When we think about data security, we most often consider computers and computer networks as ground zero in the battle against data hacking and cyberattacks. But office printers, copiers and multifunction devices can also present a significant risk that experts warn is too often overlooked. Because most office copiers and MFPs are networked devices, they are just as vulnerable to threats as any other IoT device – and yet the most overlooked when it comes to security.
Ever since the inception of LaserJet printers back in the late 1980s, printers have presented security issues. And the risks expanded when printers morphed into the networked, multifunctional business machines that they are today. The evolution of the office printer — from paper pusher to a connected device that can fax, email, scan, capture, and route information — means malicious actors have one more tempting target to attack.
Perhaps the most famous printer hack occurred in December 2018 when a Twitter user targeted more than 50,000 insecure printers and forced them to print off streams of paper, each urging the victims to “Subscribe to PewDiePie.” If you’re not familiar with PewDiePie, he’s a famous YouTube personality and the hijack appeared to be a brute-force attempt to raise the video star to the top of YouTube’s ranks. While essentially a prank, the hacker revealed a deeper intention in an anonymous interview with The Verge: “People underestimate how easy a malicious hacker could have used a vulnerability like this to cause havoc. The whole process took no more than 30 minutes.”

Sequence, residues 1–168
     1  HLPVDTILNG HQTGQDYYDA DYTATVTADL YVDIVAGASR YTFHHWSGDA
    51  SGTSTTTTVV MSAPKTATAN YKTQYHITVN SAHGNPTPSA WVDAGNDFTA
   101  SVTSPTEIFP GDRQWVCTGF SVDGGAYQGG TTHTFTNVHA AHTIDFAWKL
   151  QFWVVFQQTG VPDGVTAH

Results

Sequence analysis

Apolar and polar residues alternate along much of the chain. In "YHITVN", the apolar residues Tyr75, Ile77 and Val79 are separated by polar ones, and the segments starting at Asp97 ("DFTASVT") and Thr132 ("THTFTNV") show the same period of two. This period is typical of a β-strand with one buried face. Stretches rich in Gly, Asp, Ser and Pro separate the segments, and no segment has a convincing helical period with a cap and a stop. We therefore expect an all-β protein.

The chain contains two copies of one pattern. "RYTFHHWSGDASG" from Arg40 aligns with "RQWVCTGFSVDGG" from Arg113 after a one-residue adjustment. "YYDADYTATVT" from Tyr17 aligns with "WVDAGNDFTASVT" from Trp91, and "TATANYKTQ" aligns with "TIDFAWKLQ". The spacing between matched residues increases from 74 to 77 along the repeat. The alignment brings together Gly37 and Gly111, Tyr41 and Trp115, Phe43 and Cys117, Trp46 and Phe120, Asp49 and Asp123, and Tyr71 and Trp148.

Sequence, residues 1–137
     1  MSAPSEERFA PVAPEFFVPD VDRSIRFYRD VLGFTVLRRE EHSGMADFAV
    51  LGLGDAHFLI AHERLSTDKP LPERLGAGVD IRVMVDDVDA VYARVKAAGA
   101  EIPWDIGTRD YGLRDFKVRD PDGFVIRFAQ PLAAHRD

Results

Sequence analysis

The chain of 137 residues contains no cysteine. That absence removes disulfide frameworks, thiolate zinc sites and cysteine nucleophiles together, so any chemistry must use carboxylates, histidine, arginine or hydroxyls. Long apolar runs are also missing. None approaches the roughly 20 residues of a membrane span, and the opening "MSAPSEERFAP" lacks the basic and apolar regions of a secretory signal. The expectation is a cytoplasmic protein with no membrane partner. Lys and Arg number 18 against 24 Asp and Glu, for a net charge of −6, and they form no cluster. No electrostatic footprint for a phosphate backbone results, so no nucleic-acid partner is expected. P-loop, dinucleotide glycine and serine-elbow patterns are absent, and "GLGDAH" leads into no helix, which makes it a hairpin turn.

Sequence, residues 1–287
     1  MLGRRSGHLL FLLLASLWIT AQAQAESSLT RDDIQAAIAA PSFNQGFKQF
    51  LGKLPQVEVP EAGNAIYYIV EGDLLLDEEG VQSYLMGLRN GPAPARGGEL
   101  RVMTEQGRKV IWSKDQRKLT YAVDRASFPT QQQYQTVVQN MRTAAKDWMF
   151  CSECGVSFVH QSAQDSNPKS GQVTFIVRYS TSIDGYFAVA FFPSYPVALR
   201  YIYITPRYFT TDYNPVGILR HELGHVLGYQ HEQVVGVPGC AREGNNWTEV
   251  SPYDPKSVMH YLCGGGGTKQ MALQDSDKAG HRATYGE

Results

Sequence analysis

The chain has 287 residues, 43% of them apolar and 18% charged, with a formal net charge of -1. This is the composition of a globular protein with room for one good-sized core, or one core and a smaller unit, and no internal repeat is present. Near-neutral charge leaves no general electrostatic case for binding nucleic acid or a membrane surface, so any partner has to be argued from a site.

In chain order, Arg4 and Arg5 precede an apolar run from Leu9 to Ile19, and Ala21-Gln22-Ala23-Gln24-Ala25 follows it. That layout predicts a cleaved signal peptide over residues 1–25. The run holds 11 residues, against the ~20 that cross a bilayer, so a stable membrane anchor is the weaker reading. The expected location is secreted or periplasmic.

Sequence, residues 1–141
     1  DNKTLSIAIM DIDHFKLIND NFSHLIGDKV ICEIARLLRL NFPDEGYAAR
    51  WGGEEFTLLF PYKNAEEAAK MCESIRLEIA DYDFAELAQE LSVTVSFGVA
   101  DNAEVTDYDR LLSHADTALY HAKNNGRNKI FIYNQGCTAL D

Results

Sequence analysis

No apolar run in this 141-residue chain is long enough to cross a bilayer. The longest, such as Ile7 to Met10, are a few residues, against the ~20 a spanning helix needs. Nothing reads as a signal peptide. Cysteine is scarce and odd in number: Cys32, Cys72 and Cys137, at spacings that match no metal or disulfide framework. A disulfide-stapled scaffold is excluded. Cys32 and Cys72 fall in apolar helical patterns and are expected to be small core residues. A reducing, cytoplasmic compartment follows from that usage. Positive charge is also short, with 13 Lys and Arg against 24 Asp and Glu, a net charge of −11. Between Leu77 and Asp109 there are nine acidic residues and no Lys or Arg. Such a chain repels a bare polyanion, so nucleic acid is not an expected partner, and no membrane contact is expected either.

Cybersecurity experts continue to warn us about the security vulnerabilities of printers. One team conducted an experiment in August 2020 aimed at demonstrating the importance of protecting printers from becoming easy prey for cybercriminals. Experts from CyberNews hijacked close to 28,000 unsecured printers worldwide and forced them to print out a guide on printer security. A custom script was specifically designed to only target the printing process without gaining access to any other features or data stored on the printers. The ease with which this was accomplished speaks volumes about the general lack of protection of networked printer devices worldwide.
To perform the experiment, the good-guy hackers used Internet of Things (IoT) search engines to search for open print devices that utilized common ports and protocols. What they found were more than 800,000 printers that had network printing features enabled and were accessible over the internet. After selecting a sample of 50,000 open printers, the CyberNews team managed to print out PDF documents on 27,944 unprotected devices.